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A Woman Who Defied The Odds


“I love how you go from zero to one hundred. And leave the dust behind.” Little Simz


I Do Not Own This Art. Follow Da Gawd


Once, a girl I followed on Twitter tweeted that she just found out a close friend of hers had passed away. She said it was a sudden, unexpected death that happened weeks ago. But she had just found out the news. All I could think about was how close could the two of you have been if no one told you. Like always, the universe found a way to humble me. Because a few years later- I found myself in a very similar position.


I was on vacation at the happiest place on Earth when I received a message, “Hey, isn’t this your friend?” The message was accompanied with a screenshot of a RIP post. I had just gotten my first drink at Disney. The sun was beaming down. We had just finished riding the Mickey ride, and I laughed like a five-year-old child. Being there is like the commercials. There is a joyous, contagious energy that penetrates the air. But suddenly, that colorful world was thrown into black and white. It lost all sound. I did what we all do nowadays: I went to her Instagram page. She didn't have any new posts for the last two years. But other than that, nothing screamed that she was no longer here.


I went to her Facebook page, where people wrote condolence posts—then reached out to our mutual friend. He confirmed that it was real. But I still didn’t want to believe it. I was just with her a few New Year’s ago. She looked amazing. I know it was irrational, but I called her phone later that day. Instead of it going straight to voicemail, her Mom picked up. My heart nearly fell out of my chest. I didn’t know what to say to someone grieving the loss of a child. I felt like a jerk for feeling so entitled to call in the first place. But I was here, so I asked the typical questions: How are you? Are you ok? She responded with the most honest answer: No, I’m not okay.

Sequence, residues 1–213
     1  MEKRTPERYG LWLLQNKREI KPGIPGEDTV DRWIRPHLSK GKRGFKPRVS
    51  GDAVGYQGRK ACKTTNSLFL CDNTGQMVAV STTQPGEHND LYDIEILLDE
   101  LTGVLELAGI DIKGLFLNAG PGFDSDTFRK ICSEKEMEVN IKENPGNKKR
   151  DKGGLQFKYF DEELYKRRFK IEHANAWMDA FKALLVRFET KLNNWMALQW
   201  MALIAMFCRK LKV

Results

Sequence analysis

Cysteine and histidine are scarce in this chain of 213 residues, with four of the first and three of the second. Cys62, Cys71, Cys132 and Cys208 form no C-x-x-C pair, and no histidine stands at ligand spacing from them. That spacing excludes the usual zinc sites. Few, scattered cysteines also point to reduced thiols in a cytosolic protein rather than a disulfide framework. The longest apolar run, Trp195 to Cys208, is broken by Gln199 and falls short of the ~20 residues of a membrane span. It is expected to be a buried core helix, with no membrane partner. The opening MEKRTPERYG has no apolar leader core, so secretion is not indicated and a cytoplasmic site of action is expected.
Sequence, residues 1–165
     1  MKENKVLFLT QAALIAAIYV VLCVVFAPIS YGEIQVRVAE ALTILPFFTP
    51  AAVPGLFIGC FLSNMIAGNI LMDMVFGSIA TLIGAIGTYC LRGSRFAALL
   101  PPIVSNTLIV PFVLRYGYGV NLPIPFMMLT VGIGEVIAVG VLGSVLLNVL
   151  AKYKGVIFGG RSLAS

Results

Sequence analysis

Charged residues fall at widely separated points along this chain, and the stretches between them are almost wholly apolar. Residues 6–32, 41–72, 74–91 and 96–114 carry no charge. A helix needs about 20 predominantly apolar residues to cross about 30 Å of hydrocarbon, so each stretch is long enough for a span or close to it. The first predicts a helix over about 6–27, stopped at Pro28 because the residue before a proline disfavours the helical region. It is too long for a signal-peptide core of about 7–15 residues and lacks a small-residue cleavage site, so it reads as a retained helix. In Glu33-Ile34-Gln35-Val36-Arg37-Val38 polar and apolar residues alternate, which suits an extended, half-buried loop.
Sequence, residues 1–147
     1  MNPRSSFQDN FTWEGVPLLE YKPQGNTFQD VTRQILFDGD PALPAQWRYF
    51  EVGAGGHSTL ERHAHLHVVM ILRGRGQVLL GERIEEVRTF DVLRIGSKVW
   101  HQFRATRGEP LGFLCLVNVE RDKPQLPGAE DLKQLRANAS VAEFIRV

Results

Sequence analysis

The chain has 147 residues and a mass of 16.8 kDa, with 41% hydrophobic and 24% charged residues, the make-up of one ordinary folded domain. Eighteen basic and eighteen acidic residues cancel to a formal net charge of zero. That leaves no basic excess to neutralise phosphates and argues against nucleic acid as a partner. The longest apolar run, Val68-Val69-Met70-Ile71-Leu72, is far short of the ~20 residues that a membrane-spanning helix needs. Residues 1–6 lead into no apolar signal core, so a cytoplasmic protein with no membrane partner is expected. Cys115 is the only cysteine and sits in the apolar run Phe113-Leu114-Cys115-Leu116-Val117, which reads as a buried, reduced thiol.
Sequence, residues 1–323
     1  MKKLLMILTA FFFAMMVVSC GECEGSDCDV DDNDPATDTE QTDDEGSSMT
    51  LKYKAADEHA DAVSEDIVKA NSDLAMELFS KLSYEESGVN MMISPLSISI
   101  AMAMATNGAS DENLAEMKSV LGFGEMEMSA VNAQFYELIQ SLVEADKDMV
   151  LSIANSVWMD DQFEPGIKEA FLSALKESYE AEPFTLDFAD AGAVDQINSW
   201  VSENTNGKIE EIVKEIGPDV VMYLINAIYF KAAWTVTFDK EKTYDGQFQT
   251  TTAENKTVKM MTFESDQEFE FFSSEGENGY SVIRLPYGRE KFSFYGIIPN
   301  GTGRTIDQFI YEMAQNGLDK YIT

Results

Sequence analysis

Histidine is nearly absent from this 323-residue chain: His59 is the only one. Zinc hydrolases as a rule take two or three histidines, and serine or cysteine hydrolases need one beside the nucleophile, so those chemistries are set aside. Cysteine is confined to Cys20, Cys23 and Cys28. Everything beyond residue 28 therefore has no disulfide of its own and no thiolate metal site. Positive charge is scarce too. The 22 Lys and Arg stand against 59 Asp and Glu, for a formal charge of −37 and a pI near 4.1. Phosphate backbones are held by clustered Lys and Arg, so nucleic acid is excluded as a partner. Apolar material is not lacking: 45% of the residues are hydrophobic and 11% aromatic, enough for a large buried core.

I found myself stunned. I wanted to ask her what happened, but it didn't feel right. But she eventually told me herself. Sade, my friend, was doing good and then suddenly took a turn. "You should have seen how thin she got in the end." I didn't know what to say, so I asked what anyone would: When is the service? Where is it taking place? At some point in the conversation, I felt the need to explain the status of our friendship. I saw her two years ago at a game night she hosted. I went to her baby's first birthday party. I wanted to say, "Even though we weren't close, I still loved her.”


After I got off the phone with her Mom, I didn’t know how to feel. I still don’t know how to feel or if I have the right to feel anything at all. But that confusion didn't stop the montage of our crazy moments from flashing before my eyes. Us walking around Fairlane Mall. Us having dinner at A&W’s, then chasing my Dad’s car in the freezing cold. Her laughing at me dancing and rapping to My Band by D-12. She was the one who was next to me at the Fox Theatre when Omarion stepped on stage—confirming that the group that brought us together had broken up (seemingly forever). She didn’t say a single word. She just hugged me as the reality set in.


We watched Omarion bounce across the stage and cried our eyes out. Now that I think about it was fitting that our final moments together would be going to see B2K. It's funny because that was what initially brought us together in the first place. One day during second-period class, they came up in a conversation, and we immediately bonded. In the ninth grade, we were obsessed with them. Their poster hung on our walls. Our love of the group sparked the friendship, but after talking more, we realized we had much more in common. Sade was the first friend I ever had that was actually my age.